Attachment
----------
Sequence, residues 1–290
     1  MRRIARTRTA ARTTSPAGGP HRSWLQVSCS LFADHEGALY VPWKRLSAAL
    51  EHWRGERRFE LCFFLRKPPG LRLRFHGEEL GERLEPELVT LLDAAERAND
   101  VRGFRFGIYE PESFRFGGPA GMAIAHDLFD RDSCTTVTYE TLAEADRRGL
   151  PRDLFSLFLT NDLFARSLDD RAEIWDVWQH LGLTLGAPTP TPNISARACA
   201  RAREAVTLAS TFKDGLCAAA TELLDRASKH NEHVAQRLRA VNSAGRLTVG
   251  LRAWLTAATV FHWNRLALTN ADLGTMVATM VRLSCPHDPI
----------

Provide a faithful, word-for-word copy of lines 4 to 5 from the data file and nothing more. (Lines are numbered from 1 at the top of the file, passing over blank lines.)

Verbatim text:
   101  VRGFRFGIYE PESFRFGGPA GMAIAHDLFD RDSCTTVTYE TLAEADRRGL
   151  PRDLFSLFLT NDLFARSLDD RAEIWDVWQH LGLTLGAPTP TPNISARACA